BALTIMORE — Baltimore City is on pace to surpass the number of homicide’s last year when the city recorded 335.
It marked the sixth straight year of at least 300.
The city’s death toll so far this year is now at 83, which is up nine compared to this same time last year.
Within the last week, ten people were killed. Half of them happened in just 24 hours.
A rise in homicides also coincides with an increase in non-fatal shootings. There’s been 152 as of Friday, which is up seven compared to this time a year ago.
One of the most recent shootings happened on Thursday, involving a 14-year-old girl.
Baltimore Police said she was shot after an argument inside of a beauty salon. It remains unclear if she had a role in the dispute.
Mayor Brandon Scott denounced the violence.
“I don’t care what it’s about,” he said. “I don’t care if a 14-year-old is involved in a petty dispute. It should not end up with anyone being shot.”
As city officials continue to work to get the crime under control, organizations throughout Baltimore are on the ground engaging residents and offering resources to underserved communities.
“We as a society don’t know how to resolve our conflicts,” said Erricka Bridgeford with Baltimore Ceasefire 365.
Bridgeford said poverty, blight and problems plaguing the city contributes to the trauma people living in Baltimore experience. She said it only fuels the violence.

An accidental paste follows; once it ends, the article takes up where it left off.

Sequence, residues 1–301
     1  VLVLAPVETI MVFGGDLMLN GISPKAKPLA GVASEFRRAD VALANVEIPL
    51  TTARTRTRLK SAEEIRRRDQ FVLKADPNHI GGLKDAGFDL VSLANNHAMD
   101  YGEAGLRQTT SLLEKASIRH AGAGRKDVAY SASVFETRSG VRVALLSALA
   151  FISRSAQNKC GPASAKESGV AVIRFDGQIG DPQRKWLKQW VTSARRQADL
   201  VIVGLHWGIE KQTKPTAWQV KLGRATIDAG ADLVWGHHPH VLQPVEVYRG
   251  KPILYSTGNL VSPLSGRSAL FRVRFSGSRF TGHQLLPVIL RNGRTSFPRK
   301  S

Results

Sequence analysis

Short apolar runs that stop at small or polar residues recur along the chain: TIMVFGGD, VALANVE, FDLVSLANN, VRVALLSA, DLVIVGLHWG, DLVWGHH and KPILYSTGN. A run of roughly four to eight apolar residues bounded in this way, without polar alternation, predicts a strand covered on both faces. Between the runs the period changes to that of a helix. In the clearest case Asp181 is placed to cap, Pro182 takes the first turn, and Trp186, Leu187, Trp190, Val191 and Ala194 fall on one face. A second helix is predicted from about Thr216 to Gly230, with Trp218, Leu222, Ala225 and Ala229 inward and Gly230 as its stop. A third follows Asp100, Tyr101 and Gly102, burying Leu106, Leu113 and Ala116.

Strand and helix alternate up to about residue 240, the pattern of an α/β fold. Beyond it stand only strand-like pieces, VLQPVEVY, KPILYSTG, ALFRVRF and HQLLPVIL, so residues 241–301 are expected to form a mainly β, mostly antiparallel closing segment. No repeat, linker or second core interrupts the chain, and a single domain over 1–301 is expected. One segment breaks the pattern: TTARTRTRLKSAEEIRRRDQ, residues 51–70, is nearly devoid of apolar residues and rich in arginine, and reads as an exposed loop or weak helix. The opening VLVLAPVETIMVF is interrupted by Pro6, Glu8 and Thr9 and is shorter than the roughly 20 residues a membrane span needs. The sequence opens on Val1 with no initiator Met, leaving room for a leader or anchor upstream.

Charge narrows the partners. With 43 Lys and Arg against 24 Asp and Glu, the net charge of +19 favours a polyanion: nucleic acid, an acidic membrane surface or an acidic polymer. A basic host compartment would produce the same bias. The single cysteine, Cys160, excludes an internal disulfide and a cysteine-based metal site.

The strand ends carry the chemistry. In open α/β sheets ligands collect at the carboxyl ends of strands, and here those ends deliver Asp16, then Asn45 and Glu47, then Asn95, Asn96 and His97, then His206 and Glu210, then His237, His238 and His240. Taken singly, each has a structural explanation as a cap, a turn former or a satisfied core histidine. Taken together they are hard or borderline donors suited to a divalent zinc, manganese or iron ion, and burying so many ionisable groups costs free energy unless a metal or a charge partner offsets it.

“We need to be addressing all of the things that keep people in survival mode. Humans should not be in survival mode.”
Bridgeford has been working at community mediation center in the city helping people settle their beefs before they go too far.
It’s in conjunction with her work, which includes Ceasefire weekends.
She also said she’s partnering with the We Our Us movement to give 300 black men conflict management training within the next year.
“Because I can’t just show up after the violence has happened. We have to do be doing it on the front end,” she said.
Bridgeford is hopeful her organization’s work and others will lead to a safer Baltimore.
“Everybody needs to think of the violence epidemic in the way we think about COVID-19 what should my organization be doing to make sure nobody experiences verbal, emotional or mental violence on my watch. And if everybody is doing that, it will change a lot of the way we do everything."